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17 JULY 2020



The Southern African Faith Communities’ Environment Institute (Safcei) says it is concerned that the situation in the country is reaching a boiling point, with the ongoing impact of Covid-19 on society and the economy, and now the threat of a huge hike in electricity. The SA government is expecting far too much from its citizens, who now face a potential increase of up to 15% more for electricity (likely to be implemented on 1 April 2020) – after Eskom won its court case against the National Energy Regulator (Nersa) – while simultaneously having to contend with increased lockdown regulations and a fresh bout of load shedding.

Safcei’s Francesca de Gasparis says, “We welcomed the announcement of the Basic Income Grant, however the government must do more to cushion citizens, especially in poorer communities, from the country’s ongoing energy crisis, on top of the economic and social impacts of this pandemic. We are in the heart of winter, with Covid-19 infections spiking, yet an increasing number of South Africans are unable to afford the essential and basic service of electricity. The reality is, as time goes on, due to lack of work and economic pressures, more and more households will need affordable essential services from their local authorities.”

Safcei contends that Nersa does not have the power to protect citizens from Eskom’s legacy of mismanagement and poor maintenance planning, which, along with over-staffing and continued expensive generation choices (such as coal and nuclear) are largely responsible for its inefficient electricity supply, current load shedding and rising costs.

It is Nersa’s role to regulate energy supply and costs, to challenge Eskom on the pricing of its supply and, at the same time, ensure that the tariffs are affordable to energy users. Electricity can only be an enabling service – which helps provide people with security, communication, health, education and entrepreneurship opportunities – if it is affordable.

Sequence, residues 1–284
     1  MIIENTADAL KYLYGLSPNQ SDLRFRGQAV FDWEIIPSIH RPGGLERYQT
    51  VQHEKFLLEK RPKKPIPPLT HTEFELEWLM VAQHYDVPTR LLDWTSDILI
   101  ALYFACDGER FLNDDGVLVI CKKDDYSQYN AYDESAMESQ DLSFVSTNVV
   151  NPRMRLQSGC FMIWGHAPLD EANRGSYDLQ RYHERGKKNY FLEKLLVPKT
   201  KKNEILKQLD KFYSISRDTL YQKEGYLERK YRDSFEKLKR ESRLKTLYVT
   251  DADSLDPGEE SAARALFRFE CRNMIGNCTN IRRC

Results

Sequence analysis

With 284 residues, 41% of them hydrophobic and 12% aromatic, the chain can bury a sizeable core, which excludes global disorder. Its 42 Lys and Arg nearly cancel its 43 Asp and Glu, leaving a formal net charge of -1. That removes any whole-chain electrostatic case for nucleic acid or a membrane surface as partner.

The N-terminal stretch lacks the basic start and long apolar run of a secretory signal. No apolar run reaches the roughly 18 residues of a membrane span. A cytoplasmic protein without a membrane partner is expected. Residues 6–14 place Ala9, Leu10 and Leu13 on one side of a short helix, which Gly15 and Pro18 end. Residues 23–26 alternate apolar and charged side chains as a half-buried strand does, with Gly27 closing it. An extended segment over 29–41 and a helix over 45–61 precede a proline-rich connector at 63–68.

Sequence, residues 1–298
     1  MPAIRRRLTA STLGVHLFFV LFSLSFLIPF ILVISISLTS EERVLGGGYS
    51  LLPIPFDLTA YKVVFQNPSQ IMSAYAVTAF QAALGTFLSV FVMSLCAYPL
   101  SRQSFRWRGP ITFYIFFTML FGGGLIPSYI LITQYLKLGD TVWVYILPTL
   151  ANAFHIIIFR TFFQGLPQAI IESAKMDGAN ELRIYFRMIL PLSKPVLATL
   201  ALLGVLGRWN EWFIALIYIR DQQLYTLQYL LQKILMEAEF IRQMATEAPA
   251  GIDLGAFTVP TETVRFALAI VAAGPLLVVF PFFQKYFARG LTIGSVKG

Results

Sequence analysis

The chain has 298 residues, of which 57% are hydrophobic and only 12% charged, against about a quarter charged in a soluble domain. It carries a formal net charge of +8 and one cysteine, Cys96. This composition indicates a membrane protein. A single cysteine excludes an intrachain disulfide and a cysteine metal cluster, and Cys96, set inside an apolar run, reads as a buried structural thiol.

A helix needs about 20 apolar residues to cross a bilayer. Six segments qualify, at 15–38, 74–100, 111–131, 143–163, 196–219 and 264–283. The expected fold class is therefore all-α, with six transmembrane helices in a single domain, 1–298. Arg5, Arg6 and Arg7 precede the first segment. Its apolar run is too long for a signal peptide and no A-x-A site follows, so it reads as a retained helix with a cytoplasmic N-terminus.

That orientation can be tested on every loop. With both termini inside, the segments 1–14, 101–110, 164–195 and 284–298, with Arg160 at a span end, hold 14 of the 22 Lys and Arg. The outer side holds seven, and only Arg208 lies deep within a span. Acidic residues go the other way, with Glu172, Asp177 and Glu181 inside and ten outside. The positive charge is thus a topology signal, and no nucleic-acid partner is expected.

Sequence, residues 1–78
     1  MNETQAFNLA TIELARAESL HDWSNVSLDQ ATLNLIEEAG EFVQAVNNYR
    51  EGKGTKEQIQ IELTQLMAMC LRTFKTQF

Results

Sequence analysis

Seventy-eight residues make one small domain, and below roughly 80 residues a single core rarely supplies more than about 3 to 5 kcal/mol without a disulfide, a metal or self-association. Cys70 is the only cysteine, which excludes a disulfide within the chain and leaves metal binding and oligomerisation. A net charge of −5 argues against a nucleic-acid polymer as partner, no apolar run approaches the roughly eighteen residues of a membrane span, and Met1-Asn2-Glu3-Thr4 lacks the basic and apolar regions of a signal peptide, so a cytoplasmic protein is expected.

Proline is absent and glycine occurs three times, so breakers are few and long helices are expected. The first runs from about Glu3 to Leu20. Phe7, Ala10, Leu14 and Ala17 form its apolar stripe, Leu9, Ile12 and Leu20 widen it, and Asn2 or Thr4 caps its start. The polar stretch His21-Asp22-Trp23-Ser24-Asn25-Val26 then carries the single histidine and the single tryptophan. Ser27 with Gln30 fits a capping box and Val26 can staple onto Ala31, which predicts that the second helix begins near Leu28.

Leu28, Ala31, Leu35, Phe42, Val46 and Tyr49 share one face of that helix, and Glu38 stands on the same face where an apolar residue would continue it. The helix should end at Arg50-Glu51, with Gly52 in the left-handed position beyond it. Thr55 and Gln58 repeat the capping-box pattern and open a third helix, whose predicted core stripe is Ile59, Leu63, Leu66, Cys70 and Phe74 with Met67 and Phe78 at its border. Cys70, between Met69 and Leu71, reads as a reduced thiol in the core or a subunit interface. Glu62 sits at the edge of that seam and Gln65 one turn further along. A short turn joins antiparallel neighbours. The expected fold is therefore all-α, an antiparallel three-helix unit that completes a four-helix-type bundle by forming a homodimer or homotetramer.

“Contrary to an expected focus of support for citizens in need, during the pandemic, two disturbing events are playing out in our electricity sector. Firstly, the Department of Mineral Resources’ (DMRE) is exploring, once again, whether to bring more expensive nuclear energy back to the table, with funds being allocated to investigate small modular reactors. And secondly, the government is investing in nuclear, while funds of R1.5bn, allocated for basic electrification for homes that have no electricity, have been suspended from the Energy budget. We have to ask, are energy decision makers genuinely interested in the needs of all citizens and the future of our economy, when viewing this disparity in financial decision making?” says de Gasparis.

According to Safcei’s Energy Consultant Kim Kruyshaar, local authorities, who are at the coal face of providing reliable services to their citizens, rely on affordable bulk purchases from Eskom. This enables them to earn a profit that is then used to subsidise electricity for households that cannot pay the full cost of supply.

“The Free Basic Electricity (FBE) grant from Treasury, which provides some relief, is not nearly enough for the households who qualify nor for the local authorities providing a subsidised electricity service. Service provision is likely to be affected, with Covid-19 resulting in reduced economic activity and an increase in debt default. Meanwhile, the number of households that qualify for reduced rates and free services is increasing,” says Kruyshaar.

If Nersa is forced to pass on additional Eskom increases, local authorities will continue to be stuck. They will have to, somehow, balance Eskom’s high tariffs, with the difficulty of providing affordable services for their citizens. After losing the court case against ESKOM, Nersa is reviewing its way forward.

Kruyshaar says, “While a number of costs in Eskom’s Regulatory Clearing Account (RCA) application were disallowed, the High Court overruled Nersa. It is disconcerting that the court did not, or was not, in a position to rule that the RCA process, which many concerned parties – community representatives, commercial, agricultural and union bodies – have objected to, over the years, as no longer fit for purpose. This is the process, coordinated by Nersa, which allows Eskom to apply to make up its shortfall in revenue, between its projected and its actual income, from a previous financial year.


Issued by Maria Welcome, on behalf of Safcei. For any media queries, please contact Maria on or 082-936-9199 or contact Natasha on or 079-799-9654.

Note to Editor:

  • Local authorities do not make a profit from selling water or electricity. They charge certain customers more, using the profit to cross-subsidise the free services (it provides) to citizens who are not in a position to pay. E.g. One-third of Cape Town citizens get free water and almost 50% get subsidized electricity.
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